What is the law in Illinois when a tenant vacates a commercial premises prior to the expiration of the Lease? Is a landlord obligated to expend a lot of effort and money to find a replacement tenant?

Those of us that regularly negotiate Commercial Leases frequently see the provisions that state that if "the tenant abandons the premises, the landlord may, but need not, relet the premises for the account of the tenant" or something with similar effect. Some commercial leases may be even more broadly worded to state: "landlord may, but shall be under no obligation so to do, relet all or any part of the premises for such rent and upon such terms as shall be satisfactory to landlord (including the right to relet the premises for a term greater or lesser than that remaining under the Lease term, and the right to relet the premises as a part of a larger area, and the right to change the character or use made of the premises)". As a practitioner representing either landlords or tenants have you ever stopped to consider the implications of such language in commercial leases?

These lease terms are meant to relieve any sort of duty on the part of a landlord to find a replacement tenant in such a situation. However, this language runs contrary to the law in the State of Illinois. Pursuant to Illinois Statute, Section 9-213.1, Duty or Defense, "After January 1, 1984, a landlord or his or her agent shall take reasonable measures to mitigate the damages recoverable against a defaulting lessee." So if that is the law in Illinois, does a landlord have an affirmative obligation to relet its premises in such a situation notwithstanding any language in the lease to the contrary?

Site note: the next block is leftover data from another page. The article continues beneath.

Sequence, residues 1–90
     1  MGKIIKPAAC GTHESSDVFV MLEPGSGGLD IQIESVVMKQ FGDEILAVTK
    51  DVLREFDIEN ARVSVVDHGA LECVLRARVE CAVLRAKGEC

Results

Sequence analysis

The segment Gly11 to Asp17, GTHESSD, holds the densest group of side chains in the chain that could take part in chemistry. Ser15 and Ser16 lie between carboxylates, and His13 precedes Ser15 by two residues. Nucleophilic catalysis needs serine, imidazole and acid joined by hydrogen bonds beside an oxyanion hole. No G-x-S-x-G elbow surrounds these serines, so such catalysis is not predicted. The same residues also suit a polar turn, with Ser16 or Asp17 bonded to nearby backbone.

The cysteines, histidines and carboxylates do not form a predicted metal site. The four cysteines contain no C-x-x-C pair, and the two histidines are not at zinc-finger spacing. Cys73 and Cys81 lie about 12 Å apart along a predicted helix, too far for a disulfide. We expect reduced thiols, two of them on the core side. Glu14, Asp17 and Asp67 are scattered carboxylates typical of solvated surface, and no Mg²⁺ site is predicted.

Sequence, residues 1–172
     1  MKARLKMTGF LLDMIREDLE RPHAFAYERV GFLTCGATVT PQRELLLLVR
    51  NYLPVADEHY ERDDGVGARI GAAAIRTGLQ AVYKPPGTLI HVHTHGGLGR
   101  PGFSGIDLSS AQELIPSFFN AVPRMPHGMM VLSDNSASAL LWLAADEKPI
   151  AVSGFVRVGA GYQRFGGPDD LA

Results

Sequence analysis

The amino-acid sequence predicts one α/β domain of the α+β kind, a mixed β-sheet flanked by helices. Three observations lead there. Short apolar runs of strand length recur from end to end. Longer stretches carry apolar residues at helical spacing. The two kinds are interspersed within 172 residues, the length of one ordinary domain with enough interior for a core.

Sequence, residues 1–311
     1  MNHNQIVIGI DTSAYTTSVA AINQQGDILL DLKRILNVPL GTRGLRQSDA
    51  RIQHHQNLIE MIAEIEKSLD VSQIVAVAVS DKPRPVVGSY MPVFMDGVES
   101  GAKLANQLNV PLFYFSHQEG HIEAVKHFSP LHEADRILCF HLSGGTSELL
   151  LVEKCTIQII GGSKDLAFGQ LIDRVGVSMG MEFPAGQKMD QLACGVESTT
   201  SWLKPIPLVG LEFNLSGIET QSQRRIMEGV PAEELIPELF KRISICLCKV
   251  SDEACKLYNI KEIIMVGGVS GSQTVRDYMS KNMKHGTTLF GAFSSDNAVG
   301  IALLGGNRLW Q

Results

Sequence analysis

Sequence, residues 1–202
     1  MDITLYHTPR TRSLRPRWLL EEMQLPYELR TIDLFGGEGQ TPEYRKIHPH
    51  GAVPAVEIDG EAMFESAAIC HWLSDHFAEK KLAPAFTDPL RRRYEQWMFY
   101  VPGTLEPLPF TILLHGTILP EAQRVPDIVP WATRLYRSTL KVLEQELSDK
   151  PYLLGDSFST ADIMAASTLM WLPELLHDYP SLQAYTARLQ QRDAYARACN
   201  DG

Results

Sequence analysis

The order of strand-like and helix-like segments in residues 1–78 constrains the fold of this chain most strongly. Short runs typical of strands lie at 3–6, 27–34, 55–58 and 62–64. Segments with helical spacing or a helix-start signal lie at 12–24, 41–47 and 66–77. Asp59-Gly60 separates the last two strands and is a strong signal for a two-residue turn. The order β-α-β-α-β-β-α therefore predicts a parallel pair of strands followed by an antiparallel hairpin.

In the recent case of The Takiff Properties Group Ltd. #2 v. GTI Life, Inc. (2018 IL App (1st) 171477), the Illinois Appellate Court for the First District considered the implications of a similar lease provision. The Takiff Properties Group Ltd. #2/landlord sued the defendant/tenant for overdue rent due to its abandonment of the commercial premises prior to the expiration date of the lease. The lease that was the subject of the litigation was set to expire on October 31, 2014, and the tenant vacated the premises in early March 2014. The landlord sued the tenant seeking the payment of rent for this period. However, the tenant counterclaimed admitting a certain amount of rent was due but asserting that a lesser amount was due as the Landlord failed to exercise reasonable diligence to mitigate damages (i.e. re-lease the premises). The tenant claimed that the parties to the lease could not contract away a landlord's "statutory duty to mitigate damages" as landlords have an affirmative obligation to mitigate pursuant to the laws of the State of Illinois.

The landlord argued that pursuant to the express terms of the lease, "if the Tenant abandons the premises, the Landlord may, but need not, relet the premises." The Illinois Appellate Court for the First District found that the tenant has contractually waived landlord's duty to mitigate, and rejected the assertion that such duty could not be waived.

Therefore, when representing a commercial landlord in Illinois, it is important to include language in your commercial leases similar to those above that state that the landlord does not have a duty to mitigate its damages, otherwise if the lease is silent, the landlord will most likely have a statutory duty to mitigate any such damages. Conversely, when representing a tenant it is important to negotiate a reasonable affirmative duty on the part of landlord to mitigate damages in the event of a tenant default.